Default Admin Color Scheme Update

Earlier in the 4.2 cycle, I opened a ticket proposing changes to the default color scheme for wp-admin. After much consideration and a few changes, it is being brought into coreCore Core is the set of software required to run WordPress. The Core Development Team builds WordPress.. I’d like to explain the changes made, and the reason for them in this post!

This started as part of an exercise to document the colors used by core for the Design Handbook (work in progress). My instinct to iterate on the colors and try to make them more harmonious kicked in, and so I ran an experiment that resulted in this:


Here’s a breakdown of HEX color changes:

Old New
#111111 #191e23
#222222 #23282d
#333333 #32373c
#4b4b4b #464b50
#888888 #82878c
#aaaaaa #a0a5aa
#bbbbbb #b4b9be
Old New
#0074a2 #0073aa
#2ea2cc #00a0d2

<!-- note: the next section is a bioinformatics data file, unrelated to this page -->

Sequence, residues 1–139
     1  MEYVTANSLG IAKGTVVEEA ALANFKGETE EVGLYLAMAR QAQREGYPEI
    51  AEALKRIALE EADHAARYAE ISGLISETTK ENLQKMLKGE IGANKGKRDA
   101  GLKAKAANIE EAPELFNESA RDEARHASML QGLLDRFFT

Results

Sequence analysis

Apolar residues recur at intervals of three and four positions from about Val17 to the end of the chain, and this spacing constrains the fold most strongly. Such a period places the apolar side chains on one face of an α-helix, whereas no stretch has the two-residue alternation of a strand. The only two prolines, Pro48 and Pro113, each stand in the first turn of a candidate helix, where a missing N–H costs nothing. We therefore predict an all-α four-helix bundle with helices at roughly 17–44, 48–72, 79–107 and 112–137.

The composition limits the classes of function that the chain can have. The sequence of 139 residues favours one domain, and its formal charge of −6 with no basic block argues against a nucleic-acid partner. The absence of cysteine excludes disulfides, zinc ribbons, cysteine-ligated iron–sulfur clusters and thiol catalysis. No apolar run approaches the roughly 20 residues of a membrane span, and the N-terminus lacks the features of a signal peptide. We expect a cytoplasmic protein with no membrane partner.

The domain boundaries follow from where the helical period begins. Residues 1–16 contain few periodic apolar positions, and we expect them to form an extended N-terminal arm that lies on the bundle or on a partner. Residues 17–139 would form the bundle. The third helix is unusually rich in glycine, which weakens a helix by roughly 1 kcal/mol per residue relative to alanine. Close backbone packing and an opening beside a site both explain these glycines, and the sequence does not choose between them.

#45bbe6 #00b9eb

In essence, the grays were given a slight blue hue, and the for the blues I removed the red channel almost completely, for a purer blue. In both cases, I attempted to keep the value of the colors (lightness/darkness), so the change would be as seamless as possible, while giving the admin a new sense of refinement and identity.

@iammattthomas commented on the ticket, summarizing this change quite eloquently:

My subjective feeling is that the shift in colors is so slight, it doesn’t really change the feeling we intended to convey with the original MP6 colors. If anything, it makes the grays look more intentional, a color palette designed to work harmoniously rather than pairing a signature shade of blue with a lot of neutral grays.


And here’s a side-by-side comparison of the old (left) and new (right) colors in use on the admin:


I believe this updated color scheme can still be iterated upon, specially regarding concerns of contrast and accessibilityAccessibility Accessibility (commonly shortened to a11y) refers to the design of products, devices, services, or environments for people with disabilities. The concept of accessible design ensures both “direct access” (i.e. unassisted) and “indirect access” meaning compatibility with a person’s assistive technology (for example, computer screen readers). ( (that weren’t addressed in this round, but are certainly a priority for the next release cycle).

I’d love to hear your thoughts!

#4-2, #colors